Learning the command line well does take some patience, but it is another one of those aspects of Linux where I really do feel it pays off in the end. However, if you really have no interest in a text based approach, the Desktop GUI tools are generally sufficient for most desktop users.

Thursday, April 7, 2011

Linux and GNU

Linux and the GNU Project.

When discussing the history of Linux, it is often attributed to Linus Torvalds, the Finnish student who began writing the Linux kernel in 1991. Certainly, the kernel is a key component, without which the operating system would be useless. However, there is more to the story than Linus alone.

Back in the early days of computing, most programmers wrote,shared, and improved each others programs for the benefit of all.

Richard Stallman, who was a programmer at MIT from 1971 to 1983 worked extensively in this environment and continued to believe software should be shared, not closed off and made proprietary. When he left MIT, he started the GNU Project to develop a free clone of the Unix operating system. Freedom, in this case, refers not to price, but to what you are allowed to do with your computer and its software.

In 1991, Linux Torvalds began working on the kernel which came to be known as Linux. He also wanted to produce a Unix like operating system.

At the time when Linus began the his kernel, the GNU Project had most of the other components which would make up a working Unix-like system, but they lacked a suitable kernel. Linus and the people working with him had that kernel.

By putting the Linux kernel together with the GNU libraries and utilities, a working Unix-like system came to be.

Members of the GNU Project and the Free Software Foundation prefer that Linux be referred to as GNU/Linux. Others simply call it Linux, after the kernel.

While I don't intend to go into that debate, I do feel it is important to understand the proper history of Linux and the contributions of both Linus Torvalds and the GNU Project. Take away the contributions of either, and there would be no Linux as an operating system.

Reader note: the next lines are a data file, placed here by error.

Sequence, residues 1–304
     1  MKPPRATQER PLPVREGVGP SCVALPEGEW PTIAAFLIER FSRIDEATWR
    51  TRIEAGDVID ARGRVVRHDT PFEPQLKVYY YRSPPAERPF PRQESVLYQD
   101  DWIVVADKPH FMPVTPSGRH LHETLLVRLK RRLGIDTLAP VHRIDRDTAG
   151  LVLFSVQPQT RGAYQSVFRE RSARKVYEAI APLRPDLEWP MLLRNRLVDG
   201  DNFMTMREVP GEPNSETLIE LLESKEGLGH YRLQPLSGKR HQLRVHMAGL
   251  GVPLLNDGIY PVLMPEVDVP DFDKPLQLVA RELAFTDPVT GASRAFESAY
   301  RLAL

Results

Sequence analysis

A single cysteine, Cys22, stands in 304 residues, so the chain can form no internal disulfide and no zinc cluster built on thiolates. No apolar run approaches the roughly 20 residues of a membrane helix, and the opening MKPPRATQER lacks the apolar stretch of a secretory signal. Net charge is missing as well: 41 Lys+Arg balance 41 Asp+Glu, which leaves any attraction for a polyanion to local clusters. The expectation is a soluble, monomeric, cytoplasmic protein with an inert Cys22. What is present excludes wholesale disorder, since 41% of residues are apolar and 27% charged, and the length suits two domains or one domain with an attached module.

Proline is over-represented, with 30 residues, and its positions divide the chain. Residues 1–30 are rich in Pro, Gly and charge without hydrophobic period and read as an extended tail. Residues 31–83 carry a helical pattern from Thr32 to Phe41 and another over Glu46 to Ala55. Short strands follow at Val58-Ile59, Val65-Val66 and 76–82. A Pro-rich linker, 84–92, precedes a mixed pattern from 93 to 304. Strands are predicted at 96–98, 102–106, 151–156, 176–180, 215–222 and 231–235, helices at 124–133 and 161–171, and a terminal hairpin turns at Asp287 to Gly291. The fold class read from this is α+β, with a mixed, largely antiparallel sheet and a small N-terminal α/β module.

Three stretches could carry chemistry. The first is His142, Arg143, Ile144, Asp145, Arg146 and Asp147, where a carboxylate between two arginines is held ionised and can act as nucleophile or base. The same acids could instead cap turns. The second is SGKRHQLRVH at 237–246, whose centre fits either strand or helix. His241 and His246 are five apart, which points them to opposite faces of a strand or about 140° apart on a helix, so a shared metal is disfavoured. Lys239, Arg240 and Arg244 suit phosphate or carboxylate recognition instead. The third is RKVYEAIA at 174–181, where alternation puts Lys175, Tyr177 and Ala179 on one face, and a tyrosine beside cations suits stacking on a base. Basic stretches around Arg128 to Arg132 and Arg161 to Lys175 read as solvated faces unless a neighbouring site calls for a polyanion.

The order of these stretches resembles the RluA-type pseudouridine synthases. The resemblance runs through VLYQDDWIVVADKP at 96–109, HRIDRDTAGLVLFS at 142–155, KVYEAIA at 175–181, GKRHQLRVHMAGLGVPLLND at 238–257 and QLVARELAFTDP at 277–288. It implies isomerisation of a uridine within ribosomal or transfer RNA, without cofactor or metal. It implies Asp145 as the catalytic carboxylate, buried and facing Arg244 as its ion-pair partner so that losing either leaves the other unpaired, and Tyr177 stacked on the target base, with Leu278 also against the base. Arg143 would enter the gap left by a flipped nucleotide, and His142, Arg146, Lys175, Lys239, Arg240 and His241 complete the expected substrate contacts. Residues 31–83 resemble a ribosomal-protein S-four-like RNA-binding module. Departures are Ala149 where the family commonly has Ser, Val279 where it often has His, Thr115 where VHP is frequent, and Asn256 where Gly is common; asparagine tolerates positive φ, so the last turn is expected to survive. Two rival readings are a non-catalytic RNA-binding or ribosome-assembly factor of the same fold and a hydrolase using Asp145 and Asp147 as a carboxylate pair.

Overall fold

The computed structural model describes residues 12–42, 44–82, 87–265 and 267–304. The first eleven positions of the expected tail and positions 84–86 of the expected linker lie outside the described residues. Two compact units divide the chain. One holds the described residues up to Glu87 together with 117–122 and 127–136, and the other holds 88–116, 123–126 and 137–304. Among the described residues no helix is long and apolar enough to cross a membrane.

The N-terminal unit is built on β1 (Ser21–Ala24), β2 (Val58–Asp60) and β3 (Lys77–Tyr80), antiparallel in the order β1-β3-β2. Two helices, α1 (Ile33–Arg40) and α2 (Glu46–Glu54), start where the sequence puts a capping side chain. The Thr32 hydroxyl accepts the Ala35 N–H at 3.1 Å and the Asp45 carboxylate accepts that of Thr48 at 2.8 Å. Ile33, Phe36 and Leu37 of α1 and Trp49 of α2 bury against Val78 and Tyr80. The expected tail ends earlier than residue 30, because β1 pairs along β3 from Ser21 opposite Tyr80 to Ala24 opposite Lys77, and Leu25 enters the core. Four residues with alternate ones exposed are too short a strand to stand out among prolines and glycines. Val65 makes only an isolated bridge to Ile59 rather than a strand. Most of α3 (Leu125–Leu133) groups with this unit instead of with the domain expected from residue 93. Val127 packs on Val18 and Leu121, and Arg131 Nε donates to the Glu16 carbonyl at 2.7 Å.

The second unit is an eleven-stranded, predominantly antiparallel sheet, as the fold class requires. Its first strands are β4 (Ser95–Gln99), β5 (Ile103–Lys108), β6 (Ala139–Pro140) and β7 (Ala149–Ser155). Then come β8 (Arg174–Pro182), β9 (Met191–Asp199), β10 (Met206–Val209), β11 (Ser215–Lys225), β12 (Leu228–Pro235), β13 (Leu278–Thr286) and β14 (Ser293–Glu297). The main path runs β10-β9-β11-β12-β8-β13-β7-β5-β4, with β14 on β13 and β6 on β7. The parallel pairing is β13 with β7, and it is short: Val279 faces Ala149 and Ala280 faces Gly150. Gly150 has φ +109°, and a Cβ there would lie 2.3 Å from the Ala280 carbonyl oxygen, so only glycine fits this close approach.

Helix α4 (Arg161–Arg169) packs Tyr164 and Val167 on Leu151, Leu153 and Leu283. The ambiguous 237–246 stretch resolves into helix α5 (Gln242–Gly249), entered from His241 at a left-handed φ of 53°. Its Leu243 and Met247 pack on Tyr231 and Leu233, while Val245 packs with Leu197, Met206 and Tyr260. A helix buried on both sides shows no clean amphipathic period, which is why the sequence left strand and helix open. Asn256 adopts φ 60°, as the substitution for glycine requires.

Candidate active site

More information on the GNU Project can be found at The GNU Project for those interested.

Monday, April 4, 2011

Choosing a Distribution

Today's topic is choosing a distribution.

If you are new to Linux, the choice of distributions can seem overwhelming, but there are only a handful which are widely popular, and only a few of those that are geared towards new users. Many of the rest are special purpose or more suitable for advanced users.

Here is a brief list of the most popular new user distributions:

1. Ubuntu: Ubuntu has been designed with new users and Desktop use in mind. It is an easy to understand and use distribution.

2. Linux Mint: Mint is currently based on Ubuntu and it has been created to be even more user friendly and ready to go after the initial install. An excellent choice for those new to Linux.

3. Mandriva: Mandriva is a popular and good distribution also aimed at Desktop user. I used its predecessor, Mandrake Linux for several years.

4. Fedora: Fedora is the community version of Red Hat Linux. It is a good Desktop choice, but may not be as user friendly out of the box as the others, although it really doesn't take much to learn it.

Once you have decided on a distribution, the only other big choice is which Desktop environment to use. The two most widely used are Gnome and KDE.

Gnome is more similar to a Mac interface and is generally simple, but it is somewhat different from the standard Windows look and feel.

KDE is usually the Desktop chosen by those who favor a more Windows like system, as it places things more as Windows does.

Most distributions come with options for obtaining either a Gnome or KDE version of that distribution, plus either can be added to a system with the other if desired.

Keep in mind that each distribution has its own package management system for updates and software installations, and it is generally wise to stay within using that system, at least until you are more experienced in using and managing Linux.